The dining room was still busy as we arrived a few minutes early for our 9 p.m. reservation.  The trio of musicians was playing easy to listen and dance-to music, and husbands danced with wives next to young dads dancing with their pre-teen daughters. Greeting us as we walked in was Woody Pettus, the every present maitre d’ of the Main Dining Room for fifty years. Whether he really remembers you or not, he sure makes you feel special and lets you know how much he enjoys seeing you that evening.   Among our party, we ordered the Sautéed Mountain Trout “Homestead” with peeled grapes and almonds in lemon butter sauce, duck breast, and medallions of pork – all prepared as you would expect from the finest restaurant. The Homestead offers two other elegant dinner venues, the 1776 Grille and Sam Snead’s Tavern, but we all agreed the Main Dining Room was one of the Homestead’s truly unique experiences and we decided to eat here every night.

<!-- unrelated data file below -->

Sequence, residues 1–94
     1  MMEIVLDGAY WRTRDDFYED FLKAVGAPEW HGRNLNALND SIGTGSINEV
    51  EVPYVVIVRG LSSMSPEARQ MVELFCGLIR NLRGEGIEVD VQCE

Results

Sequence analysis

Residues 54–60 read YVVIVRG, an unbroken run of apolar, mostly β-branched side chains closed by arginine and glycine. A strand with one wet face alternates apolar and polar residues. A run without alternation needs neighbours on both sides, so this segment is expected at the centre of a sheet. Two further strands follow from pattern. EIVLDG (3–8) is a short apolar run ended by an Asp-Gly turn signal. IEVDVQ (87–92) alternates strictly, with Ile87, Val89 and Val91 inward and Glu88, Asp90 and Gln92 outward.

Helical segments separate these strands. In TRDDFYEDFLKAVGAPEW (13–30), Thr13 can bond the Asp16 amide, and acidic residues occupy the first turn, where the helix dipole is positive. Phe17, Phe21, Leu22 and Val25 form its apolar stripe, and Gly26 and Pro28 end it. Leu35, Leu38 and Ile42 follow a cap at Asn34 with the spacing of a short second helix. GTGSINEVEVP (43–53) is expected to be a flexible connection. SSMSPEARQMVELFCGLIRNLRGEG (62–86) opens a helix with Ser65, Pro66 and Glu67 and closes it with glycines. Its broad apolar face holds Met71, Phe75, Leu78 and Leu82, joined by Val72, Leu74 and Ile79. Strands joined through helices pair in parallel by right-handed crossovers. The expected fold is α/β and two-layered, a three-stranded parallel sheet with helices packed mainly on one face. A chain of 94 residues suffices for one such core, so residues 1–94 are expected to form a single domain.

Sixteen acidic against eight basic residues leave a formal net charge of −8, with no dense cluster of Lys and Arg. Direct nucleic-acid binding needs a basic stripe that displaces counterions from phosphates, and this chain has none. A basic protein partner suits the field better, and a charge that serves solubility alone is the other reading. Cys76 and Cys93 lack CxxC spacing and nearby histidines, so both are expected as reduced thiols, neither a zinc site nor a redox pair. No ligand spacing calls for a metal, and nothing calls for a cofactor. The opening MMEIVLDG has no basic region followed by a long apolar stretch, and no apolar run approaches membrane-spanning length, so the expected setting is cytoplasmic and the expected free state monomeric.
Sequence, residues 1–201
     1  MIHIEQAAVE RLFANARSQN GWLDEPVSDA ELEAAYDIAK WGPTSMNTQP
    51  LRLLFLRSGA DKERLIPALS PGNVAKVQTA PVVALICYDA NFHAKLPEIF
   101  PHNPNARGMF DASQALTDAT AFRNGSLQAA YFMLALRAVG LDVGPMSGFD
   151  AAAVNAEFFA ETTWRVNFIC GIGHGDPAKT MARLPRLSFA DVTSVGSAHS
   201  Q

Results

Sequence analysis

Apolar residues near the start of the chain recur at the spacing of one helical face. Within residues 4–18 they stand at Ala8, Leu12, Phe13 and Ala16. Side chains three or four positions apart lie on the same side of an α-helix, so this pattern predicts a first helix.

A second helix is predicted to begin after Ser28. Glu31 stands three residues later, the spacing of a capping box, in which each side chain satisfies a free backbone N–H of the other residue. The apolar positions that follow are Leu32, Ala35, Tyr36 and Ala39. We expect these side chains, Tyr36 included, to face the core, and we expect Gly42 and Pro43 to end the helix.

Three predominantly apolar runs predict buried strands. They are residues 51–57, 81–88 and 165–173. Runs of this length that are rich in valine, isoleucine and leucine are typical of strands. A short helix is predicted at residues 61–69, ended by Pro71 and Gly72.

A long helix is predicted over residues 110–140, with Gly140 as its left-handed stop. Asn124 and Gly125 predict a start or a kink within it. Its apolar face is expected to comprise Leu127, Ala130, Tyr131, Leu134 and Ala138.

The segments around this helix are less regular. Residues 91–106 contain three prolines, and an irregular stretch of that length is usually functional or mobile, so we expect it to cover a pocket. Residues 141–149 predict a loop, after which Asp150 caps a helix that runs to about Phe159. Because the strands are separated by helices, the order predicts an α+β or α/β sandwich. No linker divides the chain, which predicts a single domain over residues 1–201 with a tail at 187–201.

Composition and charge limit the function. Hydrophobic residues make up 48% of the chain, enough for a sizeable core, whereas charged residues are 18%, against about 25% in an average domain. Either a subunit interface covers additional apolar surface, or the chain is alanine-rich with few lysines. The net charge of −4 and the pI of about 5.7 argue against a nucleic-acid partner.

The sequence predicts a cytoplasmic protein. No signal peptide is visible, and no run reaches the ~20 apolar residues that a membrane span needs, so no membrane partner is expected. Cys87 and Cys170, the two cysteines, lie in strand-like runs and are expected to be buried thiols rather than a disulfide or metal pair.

The next morning I arose early for an 8:20 a.m. starting time on the Homestead’s Cascade golf course, considered by many to be the finest mountain course in the US, host of several USGA championships, and ranked by Golf Digest #12 on its Best American Resort Courses. The Cascades course is one of three championship courses at the Homestead. I am glad to say that my driver kept me in the fairway most of the day and the greens are usually reachable if your irons are straight, which by some unusual circumstance mine were that day. But, as those of us who play a lot of golf have come to understand, it’s tough for everything to be working all in the same day; my atrocious putting prevented me from having a great score on this impeccably groomed course – but I will putt better the next time I play it.